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An Overview of Eye Color Percentages Across the World

While no two people have the exact same color, shape or size eyes, an overview of eye color percentages across the world does offer some eye-opening insights into worldwide trends.

The most common

It probably comes as no surprise that the most common eye color around the world is brown. A whopping 55 to 79 percent of the worldwide population has brown eyes!

In fact, about 10,000 years ago, researchers believe we all had brown eyes. Although, there are several shades of brown ranging from dark chocolate to light brown.

Interestingly enough, dark brown eyes are most common in Southeast Asia, East Asia and Africa. Light brown shades are most often seen in West Asia, Europe and the Americas.

Bat those baby blues

The second most common eye color on Earth is blue. However, only 8 to 10 percent of individuals actually have blue eyes.

Another cool fact? All blue eyes have been traced back to one common ancient ancestor!

Green with envy

When it comes to eye color, the rarest is green. Only 2 percent of the population has emerald eyes. But depending on where you are that may seem incorrect.

For instance, the majority of people living in Ireland and Scotland have either green or blue eyes. Outside of this region, green-eyed people tend to live in Northern Europe.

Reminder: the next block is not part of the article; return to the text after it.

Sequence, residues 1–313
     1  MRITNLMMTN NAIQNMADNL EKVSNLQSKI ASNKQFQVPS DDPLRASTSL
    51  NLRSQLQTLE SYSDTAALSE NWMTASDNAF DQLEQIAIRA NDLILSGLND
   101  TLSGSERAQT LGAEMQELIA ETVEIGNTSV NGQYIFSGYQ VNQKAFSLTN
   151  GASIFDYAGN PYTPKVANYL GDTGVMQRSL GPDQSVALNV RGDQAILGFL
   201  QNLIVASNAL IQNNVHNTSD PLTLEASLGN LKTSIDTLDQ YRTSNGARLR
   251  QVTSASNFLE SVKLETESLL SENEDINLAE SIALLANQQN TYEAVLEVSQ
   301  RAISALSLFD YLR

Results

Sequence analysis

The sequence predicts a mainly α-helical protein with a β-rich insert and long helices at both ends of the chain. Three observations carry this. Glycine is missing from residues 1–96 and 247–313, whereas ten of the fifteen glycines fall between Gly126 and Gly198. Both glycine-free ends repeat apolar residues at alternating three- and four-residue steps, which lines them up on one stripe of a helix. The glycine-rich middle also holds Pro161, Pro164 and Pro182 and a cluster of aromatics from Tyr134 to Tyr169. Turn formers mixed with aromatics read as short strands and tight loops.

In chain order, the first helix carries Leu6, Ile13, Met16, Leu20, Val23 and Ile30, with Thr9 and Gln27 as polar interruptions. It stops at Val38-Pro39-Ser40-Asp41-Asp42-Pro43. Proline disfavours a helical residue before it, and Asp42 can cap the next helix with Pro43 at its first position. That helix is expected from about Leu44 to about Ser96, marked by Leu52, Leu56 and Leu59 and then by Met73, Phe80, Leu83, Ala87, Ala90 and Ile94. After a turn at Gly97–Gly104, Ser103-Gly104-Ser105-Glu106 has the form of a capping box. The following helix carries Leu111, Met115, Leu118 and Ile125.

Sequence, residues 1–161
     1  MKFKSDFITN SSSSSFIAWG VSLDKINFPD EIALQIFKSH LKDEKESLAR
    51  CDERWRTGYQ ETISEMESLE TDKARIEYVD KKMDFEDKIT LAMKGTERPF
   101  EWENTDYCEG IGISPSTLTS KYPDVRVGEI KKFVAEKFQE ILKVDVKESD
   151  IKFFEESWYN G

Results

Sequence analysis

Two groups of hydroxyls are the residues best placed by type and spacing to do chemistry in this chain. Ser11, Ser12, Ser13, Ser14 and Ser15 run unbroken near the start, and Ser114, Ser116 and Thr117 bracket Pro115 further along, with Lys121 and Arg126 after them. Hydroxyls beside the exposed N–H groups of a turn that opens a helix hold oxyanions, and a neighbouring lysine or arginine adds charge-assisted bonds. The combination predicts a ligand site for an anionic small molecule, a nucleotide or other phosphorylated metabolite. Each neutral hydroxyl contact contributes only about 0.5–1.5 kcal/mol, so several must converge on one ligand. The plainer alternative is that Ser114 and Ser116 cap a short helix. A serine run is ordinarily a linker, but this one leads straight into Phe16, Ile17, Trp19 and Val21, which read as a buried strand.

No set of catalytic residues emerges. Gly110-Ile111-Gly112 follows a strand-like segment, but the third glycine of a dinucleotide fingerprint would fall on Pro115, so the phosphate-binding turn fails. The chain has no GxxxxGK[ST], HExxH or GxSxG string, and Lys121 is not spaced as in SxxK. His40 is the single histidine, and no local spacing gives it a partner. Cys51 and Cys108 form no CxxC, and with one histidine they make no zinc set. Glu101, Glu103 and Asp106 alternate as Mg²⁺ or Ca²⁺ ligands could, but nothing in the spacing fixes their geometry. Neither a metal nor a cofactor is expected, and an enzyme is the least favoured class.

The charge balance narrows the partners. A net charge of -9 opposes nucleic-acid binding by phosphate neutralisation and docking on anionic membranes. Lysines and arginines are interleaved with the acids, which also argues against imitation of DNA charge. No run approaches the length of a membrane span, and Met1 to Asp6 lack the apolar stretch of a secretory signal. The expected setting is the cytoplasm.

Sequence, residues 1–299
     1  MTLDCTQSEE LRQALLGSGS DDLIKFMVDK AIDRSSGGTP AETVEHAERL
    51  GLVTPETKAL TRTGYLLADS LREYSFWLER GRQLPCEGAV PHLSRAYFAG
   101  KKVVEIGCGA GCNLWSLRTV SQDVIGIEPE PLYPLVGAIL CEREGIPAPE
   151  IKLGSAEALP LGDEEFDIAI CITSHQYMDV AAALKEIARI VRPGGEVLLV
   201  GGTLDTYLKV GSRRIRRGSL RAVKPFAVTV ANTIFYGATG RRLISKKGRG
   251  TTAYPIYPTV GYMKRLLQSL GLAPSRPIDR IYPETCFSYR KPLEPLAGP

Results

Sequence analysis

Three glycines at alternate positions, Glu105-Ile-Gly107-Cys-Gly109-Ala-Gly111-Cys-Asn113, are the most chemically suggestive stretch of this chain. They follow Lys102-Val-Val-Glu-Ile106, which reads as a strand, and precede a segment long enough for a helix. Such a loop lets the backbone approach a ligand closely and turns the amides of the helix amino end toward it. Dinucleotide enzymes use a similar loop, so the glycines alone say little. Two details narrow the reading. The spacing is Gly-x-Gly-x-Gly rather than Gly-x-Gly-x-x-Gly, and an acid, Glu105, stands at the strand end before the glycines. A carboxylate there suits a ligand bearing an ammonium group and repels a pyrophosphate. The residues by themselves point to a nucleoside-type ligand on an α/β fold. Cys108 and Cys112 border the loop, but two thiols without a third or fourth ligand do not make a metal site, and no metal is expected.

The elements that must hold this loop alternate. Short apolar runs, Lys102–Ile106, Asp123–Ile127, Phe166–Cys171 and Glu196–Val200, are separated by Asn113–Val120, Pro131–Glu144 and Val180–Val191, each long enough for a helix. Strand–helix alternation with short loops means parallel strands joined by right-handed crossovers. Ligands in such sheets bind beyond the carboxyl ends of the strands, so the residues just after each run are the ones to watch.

The outliers

Here’s where an overview of eye color percentages across the world gets a little more intriguing. Unusual colors such as hazel, amber and gray technically have a higher percentage than green.

Hazel and amber eyes can both be found in about 5 percent of the worldwide population. Hazel eyes are generally light or yellowish-brown with flecks of gold, green and brown in the center.

On the other hand, amber eyes are more golden or coppery without the specks of gold, green and brown.

Gray eyes account for less than 1 percent of people and are considered very rare.

Finally, another rare, but possible, eye color trait is known as heterochromia. This is when all or part of one iris is a different color than the other.


After an overview of eye color percentages across the world, are you asking yourself what causes eye color? Check out our blog explaining the reasons for different colors! For more on vision health and news, be sure to peruse our other blogs too!